NAQT policy on "Description acceptable"

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setht
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NAQT policy on "Description acceptable"

Post by setht »

Hi all,

I wanted to alert you all to a policy change we are considering for NAQT questions: namely, to refrain from all prefatory "Description acceptable" warnings. I'm bringing this to your attention because it seems that there's a move toward including these warnings regularly in other sets, and we want as much as possible for players not to be surprised by their lack in our sets.

Here's a (very condensed) paraphrase of our thinking:

1. It's incumbent on the writer and editor to produce a tossup that points clearly toward a unique answer, whether that answer is a "conventional" proper name (e.g., "Roger Federer") or a somewhat more "unconventional" thing, event, or whatever (e.g. "winning tennis's Grand Slam"). It is also incumbent on the writer and editor to produce an answer line that gives clear directions on what to do with various alternate answers.

2. It is incumbent on the player to know the names of things, whether those names are "conventional" or more "descriptive."

3. The warning takes up time that we'd rather spend giving more clues pointing at the specific answer, rather than signaling something about the general class of answer being sought.


I welcome commentary here. I think we reached a fairly solid consensus after internal discussion, but I suppose someone might come up with an argument we hadn't thought of that would prompt us to reconsider—not that any comments here have to aim at that.

Thanks,
-Seth
Seth Teitler
Formerly UC Berkeley and U. Chicago
President and Chief Editor, NAQT
Emeritus member, ACF

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Ben Dillon
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Re: NAQT policy on "Description acceptable"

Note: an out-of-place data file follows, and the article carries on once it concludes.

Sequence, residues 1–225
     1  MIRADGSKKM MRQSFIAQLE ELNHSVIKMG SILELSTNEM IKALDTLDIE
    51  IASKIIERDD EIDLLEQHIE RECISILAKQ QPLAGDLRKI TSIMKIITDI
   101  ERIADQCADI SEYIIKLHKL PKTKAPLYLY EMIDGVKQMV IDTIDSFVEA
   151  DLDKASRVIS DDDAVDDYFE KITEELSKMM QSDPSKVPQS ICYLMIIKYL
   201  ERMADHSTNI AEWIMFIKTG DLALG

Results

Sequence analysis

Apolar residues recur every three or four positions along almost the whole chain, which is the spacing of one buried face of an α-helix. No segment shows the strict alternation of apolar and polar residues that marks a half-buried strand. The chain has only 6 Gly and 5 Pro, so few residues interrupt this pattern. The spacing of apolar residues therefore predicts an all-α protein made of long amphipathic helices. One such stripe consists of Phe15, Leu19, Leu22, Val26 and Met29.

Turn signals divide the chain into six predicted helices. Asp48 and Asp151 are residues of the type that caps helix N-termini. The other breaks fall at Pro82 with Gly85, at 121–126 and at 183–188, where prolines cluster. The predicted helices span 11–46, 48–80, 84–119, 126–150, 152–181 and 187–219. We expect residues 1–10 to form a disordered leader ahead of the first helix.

Post by Ben Dillon »

Sounds good to me. After all, the answer line can have an "accept equivalents" if it's really necessary, and a well-written tossup will make it clear that a description is being called for anyway.

To take your "winning tennis' Grand Slam" as an example...

Don Budge was the first man and Maureen Connolly was the first woman to achieve this rare feat, and it has happened only seventeen times. Sports columnist Alan Gould applied the term for this achievement to the sport from contract bridge, and, in recent years, variations were introduced such as "career", "non-calendar", and "golden". That last version, which includes the Olympics, has been achieved by only one player, Steffi Graf. For ten points, name this achievement, which consists of winning all the major yearly tournaments at four sites, including Wimbledon.

(I wrote this in about ten minutes, so it's probably not an exemplar. However, I don't really think it needs a "description acceptable" tagline.)
Ben Dillon, Saint Joseph HS

"Why, sometimes I've believed as many as
six impossible things before breakfast!"

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naan/steak-holding toll
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Re: NAQT policy on "Description acceptable"

Post by naan/steak-holding toll »

I fully understand the rationale behind this policy if NAQT seems intent on sticking to its character limits. However, if NAQT intends on sticking to this policy, then I feel that answerline monitoring should be stricter in NAQT's questions. I can't post about ICT 2014's questions since there are no podcasts up, but there were several questions where I was afraid of being negged if I didn't know the right thing to say, even if I understood exactly what the question was referring to. A "description acceptable" tagline removes peoples' fear of getting screwed in this manner and helps people actually buzz when they know an answer that isn't a "named thing" as illustrated by the "comfort women" vs. "hibakusha" contrast brought up in the ACF Nationals 2013 discussion.
Will Alston
Bethesda Chevy Chase HS '12, Dartmouth '16, Columbia Business School '21
NAQT Writer and Subject Editor

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